Melissa Tremblett, Artist – Elmastukwek
Melissa Tremblett (she/her) is a visual artist of Innu and English heritage from the community of Sheshatshiu, Labrador. Currently based in Elmastukwek, Ktaqmkuk territory (Bay of Islands, western Newfoundland), she works within and across photography, installation, and performance, as well as traditional techniques of doll making and beading to explore acceptance, forgiveness, resiliency, and self-resurgence. Her photographs are published in Elizabeth Yeoman’s Exactly What I Said: Translating Words and Worlds, Fiona Polack’s Tracing Ochre: Changing Perspectives on the Beothuk, and Tshaukuesh Elizabeth Penashue’s Nitinikiau Innusi: I Keep the Land Alive. Her work has been supported through the Canada Council for the Arts Travel Grant, and two Newfoundland and Labrador Arts Council Professional Project Grants and The Slaight Family Foundation Scholarship. Her solo exhibition fire creates its own wind is on view at the Grenfell Art Gallery until August 25.
- Being on the water
Water is very important to me. I spent my summers fishing with my dad back home in Labrador, so as soon as my eyes opened, I was headed to the water. It gave me the space to learn skills from my dad and to feel secure and independent in my abilities.
Living in Newfoundland, we are surrounded by water. I’ve grown to respect and appreciate the all-encompassing nature of the ocean. It is powerful, mysterious, unapologetic; it demands respect.
There is a fascinating exchange of energies that occurs when the water is simultaneously rolling onto the shore and hauling back out to the ocean. The water is almost still, the sound is mesmerizing. I’ve never been able to adequately describe it.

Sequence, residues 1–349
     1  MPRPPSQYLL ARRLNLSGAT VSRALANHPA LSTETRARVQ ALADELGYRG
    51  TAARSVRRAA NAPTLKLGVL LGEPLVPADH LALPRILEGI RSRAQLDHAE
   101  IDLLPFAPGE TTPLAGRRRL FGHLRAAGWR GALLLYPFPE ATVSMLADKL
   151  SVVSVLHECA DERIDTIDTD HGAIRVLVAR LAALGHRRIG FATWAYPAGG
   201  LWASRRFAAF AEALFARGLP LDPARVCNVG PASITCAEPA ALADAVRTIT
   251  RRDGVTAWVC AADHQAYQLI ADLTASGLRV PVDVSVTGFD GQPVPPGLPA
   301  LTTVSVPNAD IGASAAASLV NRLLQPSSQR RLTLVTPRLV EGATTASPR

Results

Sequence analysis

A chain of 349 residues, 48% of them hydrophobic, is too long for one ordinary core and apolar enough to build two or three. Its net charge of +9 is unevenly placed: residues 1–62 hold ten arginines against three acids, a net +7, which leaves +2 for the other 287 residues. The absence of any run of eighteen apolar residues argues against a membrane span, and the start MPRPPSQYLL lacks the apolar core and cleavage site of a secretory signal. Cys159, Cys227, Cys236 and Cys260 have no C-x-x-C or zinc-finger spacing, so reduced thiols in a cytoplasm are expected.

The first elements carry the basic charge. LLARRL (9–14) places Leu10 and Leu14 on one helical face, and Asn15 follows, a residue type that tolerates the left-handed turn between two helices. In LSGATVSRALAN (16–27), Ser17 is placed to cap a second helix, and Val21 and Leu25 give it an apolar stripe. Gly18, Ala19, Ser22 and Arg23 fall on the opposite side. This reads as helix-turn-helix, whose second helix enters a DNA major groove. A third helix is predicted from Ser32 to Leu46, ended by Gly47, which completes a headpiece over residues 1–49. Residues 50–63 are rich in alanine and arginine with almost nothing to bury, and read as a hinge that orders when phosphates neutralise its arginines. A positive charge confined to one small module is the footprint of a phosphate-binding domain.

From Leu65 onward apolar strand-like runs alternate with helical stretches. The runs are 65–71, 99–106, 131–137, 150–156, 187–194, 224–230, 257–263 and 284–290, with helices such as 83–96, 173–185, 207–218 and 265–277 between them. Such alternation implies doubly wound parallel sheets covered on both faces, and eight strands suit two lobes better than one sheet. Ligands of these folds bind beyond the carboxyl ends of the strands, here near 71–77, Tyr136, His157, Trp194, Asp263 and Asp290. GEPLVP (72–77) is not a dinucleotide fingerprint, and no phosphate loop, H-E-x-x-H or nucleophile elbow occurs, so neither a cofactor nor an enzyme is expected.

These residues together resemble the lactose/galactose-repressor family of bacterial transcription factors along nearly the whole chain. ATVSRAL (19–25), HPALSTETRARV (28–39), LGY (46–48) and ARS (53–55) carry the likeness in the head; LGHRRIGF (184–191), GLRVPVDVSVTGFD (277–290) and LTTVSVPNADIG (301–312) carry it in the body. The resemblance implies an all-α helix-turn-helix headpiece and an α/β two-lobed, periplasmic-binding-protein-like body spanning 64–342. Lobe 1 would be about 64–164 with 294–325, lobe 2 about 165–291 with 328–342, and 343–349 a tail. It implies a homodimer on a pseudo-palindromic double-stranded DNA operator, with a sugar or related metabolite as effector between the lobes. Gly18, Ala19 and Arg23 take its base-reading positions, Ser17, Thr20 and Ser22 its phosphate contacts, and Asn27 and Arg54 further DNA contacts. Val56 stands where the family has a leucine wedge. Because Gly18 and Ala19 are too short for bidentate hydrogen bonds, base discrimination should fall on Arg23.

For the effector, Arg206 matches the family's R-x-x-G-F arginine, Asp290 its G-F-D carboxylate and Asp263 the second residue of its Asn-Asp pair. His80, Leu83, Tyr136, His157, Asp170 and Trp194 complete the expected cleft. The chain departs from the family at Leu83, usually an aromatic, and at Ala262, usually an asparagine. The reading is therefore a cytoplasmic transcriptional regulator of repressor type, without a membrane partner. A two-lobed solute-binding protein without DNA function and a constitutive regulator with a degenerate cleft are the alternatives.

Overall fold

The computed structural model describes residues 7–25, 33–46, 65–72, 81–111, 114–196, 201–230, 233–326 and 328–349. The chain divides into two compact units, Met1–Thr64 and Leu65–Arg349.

- Mental health
I grew up not having words to describe my emotions or experiences, and I’ve never felt safe being vulnerable.
As a teenager struggling with mental illness, art therapy gave me the ability to learn language to describe objects and concepts separate from myself. It was my introduction to the power of art. Through that experience, I started to realize that what I create comes from a need to align my past experiences with where I am now.
I have the privilege of sharing my journey and creating space for authentic and candid conversation. I refuse to feel ashamed for my past and present, and I will always be sincere about what I’ve been through. If no one talks about it, then no one is talking about.
- Bobo bars
I am completely obsessed with Bobo’s Stuff’d chocolate almond butter bars. I’m Celiac and I live in a city with very limited options for anything delicious that is gluten-free. And by very, I mean dismal. This is my absolute favorite snack.
- Working with my hands
I’ve always been a very hands-on human. I’m also a person who likes tedious, monotonous things. Doing something repetitive is soothing and gives my mind the space to wander, absorb, and reflect.
I have Innu heritage on my father’s side of the family. My paternal grandmother, Madeline Michelin, was a renowned master Innu tea doll maker. I grew up watching her constantly making things with her hands, and, as a child, I never thought about what she was making.
When she passed away, I began to understand that her hands carried traditions and knowledge.
I am still able to learn from her. I use the tea doll she gave me as a child to study her fabrics, her shapes and lines, and the poetry of her movements. I am always doing things with my hands; she is always with me.
This is a great video of my Grandma making tea dolls.
- Innu painted caribou coat motifs
Caribou is a sacred animal to the Innu and, as a form of symbolic exchange, hunters and shamans would wear coats made from caribou. These coats were painted with designs that came to the hunter in his dreams. The motifs on the coats symbolically represent humility, gratitude, and respect for the caribou that were to be provided for the families.
Over time, with the influence of European settler clothing, the shape and style of the coats changed, but the motifs are carried forward. I’ve been drawn to the designs over the last few years, and it keeps evolving in my practice through various mediums. Sketching turned into drawing, which evolved into paintings, beadwork, curtains, tattoos, and, most recently, a mural.